Acute lung inflammation in septic shock of the cytokine release induced by bacterial superantigens

  • Brigitte Neumann
  • Bernhard Holzmann
Part of the Progress in Inflammation Research book series (PIR)


A group of bacterial and viral proteins termed superantigens share the ability to associate with T cell receptor (TCR) and major histocompatibility complex (MHC) class II molecules, generating unique multimeric protein complexes that trigger polyclonal T cell activation [1–4]. Members of the superantigen family include bacterial exotoxins like staphylococcal enterotoxins and toxic shock syndrome toxin-1 (TSST-1), proteins encoded by viral genomes, and retroviral products from mouse mammary tumor viruses [1, 5, 6]. The mechanisms by which superantigens stimulate T cells differ from those of conventional antigens, which require endocytosis and proteolytic processing for presentation of MHC-bound antigenic peptides to T lymphocytes. In contrast, superantigens interact with MHC class II molecules as intact proteins at a site distinct from the peptide binding groove without conformational changes of MHC proteins or superantigens occurring upon complex formation (Fig. 1) [7–13]. The superantigen binding region of MHC class II proteins seems to be conserved among different mammalian haplotypes since superantigens bind to murine, rat, and human class II molecules [3, 14].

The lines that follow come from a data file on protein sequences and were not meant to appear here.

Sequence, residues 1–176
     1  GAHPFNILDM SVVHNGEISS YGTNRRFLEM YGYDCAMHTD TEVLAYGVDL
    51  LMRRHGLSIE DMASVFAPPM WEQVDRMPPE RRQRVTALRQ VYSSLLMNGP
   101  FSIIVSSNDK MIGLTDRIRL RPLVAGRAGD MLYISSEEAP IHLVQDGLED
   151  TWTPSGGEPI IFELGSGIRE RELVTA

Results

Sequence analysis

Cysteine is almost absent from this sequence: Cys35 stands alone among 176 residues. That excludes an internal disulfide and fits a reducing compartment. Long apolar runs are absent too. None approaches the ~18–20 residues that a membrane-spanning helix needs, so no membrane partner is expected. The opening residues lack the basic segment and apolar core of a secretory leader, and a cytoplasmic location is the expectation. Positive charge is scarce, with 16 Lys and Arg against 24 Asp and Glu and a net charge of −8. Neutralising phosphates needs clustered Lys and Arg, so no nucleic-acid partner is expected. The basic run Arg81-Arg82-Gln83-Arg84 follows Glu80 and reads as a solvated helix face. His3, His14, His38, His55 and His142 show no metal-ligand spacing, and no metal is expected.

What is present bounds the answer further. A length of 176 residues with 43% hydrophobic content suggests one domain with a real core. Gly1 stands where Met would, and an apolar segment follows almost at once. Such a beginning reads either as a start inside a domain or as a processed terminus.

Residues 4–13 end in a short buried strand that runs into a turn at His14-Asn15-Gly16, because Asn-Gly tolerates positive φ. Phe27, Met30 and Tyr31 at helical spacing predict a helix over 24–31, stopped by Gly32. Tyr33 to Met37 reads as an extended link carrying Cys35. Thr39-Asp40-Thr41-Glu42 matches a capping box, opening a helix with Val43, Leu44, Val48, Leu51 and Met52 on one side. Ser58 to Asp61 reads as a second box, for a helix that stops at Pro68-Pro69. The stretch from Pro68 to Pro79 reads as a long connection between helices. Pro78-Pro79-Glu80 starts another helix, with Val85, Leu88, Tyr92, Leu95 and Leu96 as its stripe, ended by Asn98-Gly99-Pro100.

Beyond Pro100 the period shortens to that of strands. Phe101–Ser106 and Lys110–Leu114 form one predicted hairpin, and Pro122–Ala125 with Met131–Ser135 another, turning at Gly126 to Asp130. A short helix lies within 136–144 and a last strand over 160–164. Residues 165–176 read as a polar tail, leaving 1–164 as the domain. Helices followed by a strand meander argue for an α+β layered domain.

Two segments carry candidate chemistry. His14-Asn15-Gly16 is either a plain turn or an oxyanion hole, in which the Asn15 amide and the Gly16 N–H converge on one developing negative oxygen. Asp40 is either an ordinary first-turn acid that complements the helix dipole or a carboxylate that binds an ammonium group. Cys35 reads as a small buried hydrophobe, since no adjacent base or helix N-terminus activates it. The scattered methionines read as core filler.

Lung Injury Acute Lung Injury Adult Respiratory Distress Syndrome Mouse Mammary Tumor Virus Staphylococcal Enterotoxin 
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Copyright information

© Springer Basel AG 1999

Authors and Affiliations

  • Brigitte Neumann
    • 1
  • Bernhard Holzmann
    • 1
  1. 1.Department of Surgery, Klinikum rechts der IsarTechnical University of MunichMunichGermany

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